12. Residency and International Tax Issues

Joshua Easton

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The two principal criteria for determining an entity’s liability to Australian tax are residency and source of income.

A resident of Australia has to pay tax on their world wide income whether it is earned in or out of Australia.

A non-resident on the other hand is limited to Australian tax on income derived only from Australian sources. They are not entitled to any tax-free
threshold and are taxed at a higher rate.

Those taxpayers resident for only part of the year pay tax at resident rates, but are only entitled to the tax-free threshold for the months they reside
in Australia.




The dictionary definition of reside is to have one’s settled abode, to dwell permanently or for a considerable time or to live in or at a
particular place.

Whether a person resides in Australia under this definition is a question of fact in view of the individual’s unique circumstances.

It is suggested that the following factors are useful in determining whether the individual’s behaviour over a considerable period of time has the
degree of continuity, routine or habit that is consistent with Australian residence:

  • the intention or purpose of the person’s presence in Australia
  • the extent of the person’s family or business / employment ties with Australia
  • the location and maintenance of the person’s assets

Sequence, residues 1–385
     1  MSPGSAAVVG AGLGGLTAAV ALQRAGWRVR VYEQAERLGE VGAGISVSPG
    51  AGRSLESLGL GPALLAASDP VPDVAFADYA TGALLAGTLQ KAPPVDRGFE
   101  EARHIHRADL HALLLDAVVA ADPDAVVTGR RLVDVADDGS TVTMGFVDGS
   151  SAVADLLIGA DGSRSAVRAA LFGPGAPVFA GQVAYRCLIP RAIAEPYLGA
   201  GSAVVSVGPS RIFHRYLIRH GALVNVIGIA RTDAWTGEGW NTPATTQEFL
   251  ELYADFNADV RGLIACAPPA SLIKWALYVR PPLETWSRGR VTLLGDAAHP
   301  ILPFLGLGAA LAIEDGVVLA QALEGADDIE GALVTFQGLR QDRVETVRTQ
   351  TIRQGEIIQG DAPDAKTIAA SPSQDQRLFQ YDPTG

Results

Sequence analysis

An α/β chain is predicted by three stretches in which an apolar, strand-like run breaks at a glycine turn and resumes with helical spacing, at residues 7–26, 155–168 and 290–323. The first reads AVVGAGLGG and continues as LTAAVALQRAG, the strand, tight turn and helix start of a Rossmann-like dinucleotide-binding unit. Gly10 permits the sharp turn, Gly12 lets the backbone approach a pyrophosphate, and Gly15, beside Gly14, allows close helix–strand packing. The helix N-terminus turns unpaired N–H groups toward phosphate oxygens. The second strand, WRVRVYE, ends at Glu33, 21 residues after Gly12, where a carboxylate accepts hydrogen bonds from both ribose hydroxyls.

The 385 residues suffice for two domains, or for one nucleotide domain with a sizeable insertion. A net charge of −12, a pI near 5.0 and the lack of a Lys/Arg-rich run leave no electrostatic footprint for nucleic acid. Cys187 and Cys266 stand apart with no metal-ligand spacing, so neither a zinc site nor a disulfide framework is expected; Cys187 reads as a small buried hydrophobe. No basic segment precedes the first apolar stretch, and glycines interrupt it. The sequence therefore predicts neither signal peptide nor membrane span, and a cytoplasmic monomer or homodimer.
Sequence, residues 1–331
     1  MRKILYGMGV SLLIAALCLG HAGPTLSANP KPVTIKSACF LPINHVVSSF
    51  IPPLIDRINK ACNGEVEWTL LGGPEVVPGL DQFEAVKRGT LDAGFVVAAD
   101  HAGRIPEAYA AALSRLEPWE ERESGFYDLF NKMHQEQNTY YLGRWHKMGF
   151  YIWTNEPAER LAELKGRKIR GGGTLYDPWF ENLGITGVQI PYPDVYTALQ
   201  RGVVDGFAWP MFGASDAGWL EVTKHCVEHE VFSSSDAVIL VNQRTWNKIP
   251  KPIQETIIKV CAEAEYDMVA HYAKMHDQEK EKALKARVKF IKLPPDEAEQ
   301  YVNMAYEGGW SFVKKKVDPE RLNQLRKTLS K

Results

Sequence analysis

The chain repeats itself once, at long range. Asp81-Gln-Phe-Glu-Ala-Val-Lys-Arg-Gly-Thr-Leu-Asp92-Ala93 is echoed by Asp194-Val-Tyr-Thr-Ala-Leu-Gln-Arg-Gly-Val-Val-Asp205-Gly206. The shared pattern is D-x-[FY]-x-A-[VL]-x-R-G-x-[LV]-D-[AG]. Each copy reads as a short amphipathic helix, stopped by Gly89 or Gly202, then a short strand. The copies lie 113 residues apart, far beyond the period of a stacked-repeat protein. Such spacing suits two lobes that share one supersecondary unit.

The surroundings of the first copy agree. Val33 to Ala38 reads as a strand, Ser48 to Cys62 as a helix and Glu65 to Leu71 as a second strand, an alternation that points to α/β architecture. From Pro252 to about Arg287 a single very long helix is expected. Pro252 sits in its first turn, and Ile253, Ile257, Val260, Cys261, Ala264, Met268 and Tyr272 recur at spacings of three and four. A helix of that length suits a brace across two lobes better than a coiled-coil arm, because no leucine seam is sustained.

• social and living arrangements.




  1. The domicile / permanent place of abode test

Under this test a person whose domicile is in Australia is deemed to be a resident, unless the Commissioner is satisfied that the person’s place of
abode is outside Australia.

“Permanent” is not used in term of everlasting, but contrasts with temporary or transitory. Key factors the
ATO will consider include intention, actual length of stay overseas and where the taxpayer maintains a home.

  1. The 183 day test


Under this test constructive residence will be attributed to a person who is in Australia either continuously or intermittently for more than half
of the year, unless it can be established that the person’s usual place of abode is outside Australia and there is no intention of taking up residency

  1. Commonwealth superannuation test


This applies to public servants and means that if an individual is contributing to a super fund of Commonwealth Government officers they will be an
Australian resident.



A company is resident in Australia if:

  • It is incorporated in Australia; or
  • If not incorporated in Australia it carries on business here and has either its central management or control in Australia, or its voting power
    controlled by shareholders who are residents of Australia.




The operation of rules that deal with the taxation of foreign source income for residents and the fact that non-residents are usually only assessable
on Australian sourced income make the identification of the source of any item of income fundamentally important.

As business transactions become more complex, the following comments are general in nature:

  • Income from personal exertion is derived in a country where the services are performed, regardless of how and where you were paid.